In 2014, the city again sought proposals, after de Blasio’s campaign promise to bring gunfire detection software to the city. Bratton has also supported the measure; he sat on ShotSpotter’s board before returning as commissioner, but has since resigned, the company said.

ShotSpotter is used in cities including Washington, Boston, San Francisco and Minneapolis, as well as smaller cities like East Chicago, Indiana, according to Ralph Clark, the company’s chief executive.

New York City Mayor Bill de Blasio announces the use of the ShotSpotter system.

Bratton said that episodes in which guns are fired are vastly underreported. “On average, 75 percent of shots fired called in by ShotSpotter are never called into 911,” he said.

Gun violence in the city has increased this year, with 185 shootings reported, up 11 percent from the same period last year, according to the Police Department. Bratton said ShotSpotter’s data might further raise the numbers, since more gunshots will be recorded and reported to the police.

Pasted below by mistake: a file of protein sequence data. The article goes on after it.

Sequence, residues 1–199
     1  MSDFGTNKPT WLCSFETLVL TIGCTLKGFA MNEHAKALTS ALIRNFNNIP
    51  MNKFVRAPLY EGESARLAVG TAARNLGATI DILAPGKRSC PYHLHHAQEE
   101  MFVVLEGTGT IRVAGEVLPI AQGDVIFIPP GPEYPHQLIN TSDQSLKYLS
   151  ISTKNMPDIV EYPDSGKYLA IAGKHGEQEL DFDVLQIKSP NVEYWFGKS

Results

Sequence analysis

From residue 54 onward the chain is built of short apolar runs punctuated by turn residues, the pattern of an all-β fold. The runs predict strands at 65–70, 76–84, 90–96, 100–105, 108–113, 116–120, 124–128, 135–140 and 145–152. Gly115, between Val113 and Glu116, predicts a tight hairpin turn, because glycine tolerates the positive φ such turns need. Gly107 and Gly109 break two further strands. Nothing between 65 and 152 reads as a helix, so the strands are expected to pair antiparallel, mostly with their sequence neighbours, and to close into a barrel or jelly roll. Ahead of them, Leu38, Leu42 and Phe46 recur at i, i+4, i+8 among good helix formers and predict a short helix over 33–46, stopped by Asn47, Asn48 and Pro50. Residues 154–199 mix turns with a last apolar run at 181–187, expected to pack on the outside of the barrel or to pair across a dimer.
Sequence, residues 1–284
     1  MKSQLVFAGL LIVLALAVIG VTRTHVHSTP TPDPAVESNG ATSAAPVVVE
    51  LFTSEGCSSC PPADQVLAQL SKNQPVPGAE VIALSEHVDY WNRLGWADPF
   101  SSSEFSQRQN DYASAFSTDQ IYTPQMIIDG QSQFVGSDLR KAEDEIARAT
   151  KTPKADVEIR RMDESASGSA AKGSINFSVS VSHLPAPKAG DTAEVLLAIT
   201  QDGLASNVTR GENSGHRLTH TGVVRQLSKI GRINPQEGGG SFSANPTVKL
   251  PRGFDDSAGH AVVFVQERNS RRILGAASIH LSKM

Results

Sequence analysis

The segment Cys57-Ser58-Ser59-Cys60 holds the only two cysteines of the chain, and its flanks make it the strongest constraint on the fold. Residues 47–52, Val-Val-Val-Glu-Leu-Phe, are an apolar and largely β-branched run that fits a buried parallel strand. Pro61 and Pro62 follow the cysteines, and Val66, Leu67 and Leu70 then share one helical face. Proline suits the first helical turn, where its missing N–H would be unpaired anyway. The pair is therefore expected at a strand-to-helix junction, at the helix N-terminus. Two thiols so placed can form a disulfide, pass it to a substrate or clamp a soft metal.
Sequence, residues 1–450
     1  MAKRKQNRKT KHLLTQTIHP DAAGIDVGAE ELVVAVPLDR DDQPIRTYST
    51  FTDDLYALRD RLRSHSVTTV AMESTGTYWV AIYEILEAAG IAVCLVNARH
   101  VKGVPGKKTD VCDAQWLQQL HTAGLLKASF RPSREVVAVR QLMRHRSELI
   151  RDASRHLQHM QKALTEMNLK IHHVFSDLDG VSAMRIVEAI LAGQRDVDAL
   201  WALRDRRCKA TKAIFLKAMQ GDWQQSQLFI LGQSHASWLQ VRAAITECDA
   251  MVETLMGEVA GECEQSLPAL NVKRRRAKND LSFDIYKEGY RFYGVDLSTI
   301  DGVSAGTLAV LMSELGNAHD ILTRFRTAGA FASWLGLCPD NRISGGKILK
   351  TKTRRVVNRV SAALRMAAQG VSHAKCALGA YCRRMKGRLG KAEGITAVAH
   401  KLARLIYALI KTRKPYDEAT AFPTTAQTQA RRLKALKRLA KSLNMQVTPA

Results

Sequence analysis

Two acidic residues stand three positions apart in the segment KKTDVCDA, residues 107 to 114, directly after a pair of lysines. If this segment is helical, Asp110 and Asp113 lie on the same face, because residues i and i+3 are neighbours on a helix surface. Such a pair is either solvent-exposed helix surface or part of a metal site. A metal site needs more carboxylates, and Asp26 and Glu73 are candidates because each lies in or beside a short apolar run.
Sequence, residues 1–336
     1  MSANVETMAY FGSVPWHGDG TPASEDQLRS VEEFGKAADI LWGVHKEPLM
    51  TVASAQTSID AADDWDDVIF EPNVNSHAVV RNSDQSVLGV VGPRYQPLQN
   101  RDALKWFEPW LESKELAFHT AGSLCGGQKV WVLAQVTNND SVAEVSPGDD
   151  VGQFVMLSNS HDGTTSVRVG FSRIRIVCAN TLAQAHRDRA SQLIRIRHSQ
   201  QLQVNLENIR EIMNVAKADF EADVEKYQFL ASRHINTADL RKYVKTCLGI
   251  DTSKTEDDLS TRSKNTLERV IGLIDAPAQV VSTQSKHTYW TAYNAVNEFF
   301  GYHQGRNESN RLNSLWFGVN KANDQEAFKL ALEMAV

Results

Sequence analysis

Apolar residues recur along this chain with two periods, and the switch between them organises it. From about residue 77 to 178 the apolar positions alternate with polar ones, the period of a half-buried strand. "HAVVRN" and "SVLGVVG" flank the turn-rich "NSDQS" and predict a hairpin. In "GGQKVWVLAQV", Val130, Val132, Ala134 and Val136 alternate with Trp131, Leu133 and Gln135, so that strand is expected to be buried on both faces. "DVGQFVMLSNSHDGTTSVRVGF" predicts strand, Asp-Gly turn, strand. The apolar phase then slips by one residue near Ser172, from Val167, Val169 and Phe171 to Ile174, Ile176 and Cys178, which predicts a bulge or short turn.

ShotSpotter works to ensure accuracy by requiring that three sensors pick up the sound of gunfire; additionally, the recordings of any gunshots are sent to ShotSpotter’s headquarters in Newark, California, where analysts determine whether the noises were gunshots or something else like backfiring cars or slamming doors.

The two-year pilot program in New York will cost US$1.5 million (A$2 million) annually, Bratton said.

Some experts and elected officials are raising concerns about how the data, which belongs to the Police Department, is collected and used.